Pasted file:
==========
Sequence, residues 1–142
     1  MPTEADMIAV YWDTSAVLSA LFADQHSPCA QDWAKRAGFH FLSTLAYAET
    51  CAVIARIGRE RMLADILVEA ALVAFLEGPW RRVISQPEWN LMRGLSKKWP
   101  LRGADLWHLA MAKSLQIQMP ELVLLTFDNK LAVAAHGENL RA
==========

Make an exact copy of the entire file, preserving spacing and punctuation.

Sequence, residues 1–142
     1  MPTEADMIAV YWDTSAVLSA LFADQHSPCA QDWAKRAGFH FLSTLAYAET
    51  CAVIARIGRE RMLADILVEA ALVAFLEGPW RRVISQPEWN LMRGLSKKWP
   101  LRGADLWHLA MAKSLQIQMP ELVLLTFDNK LAVAAHGENL RA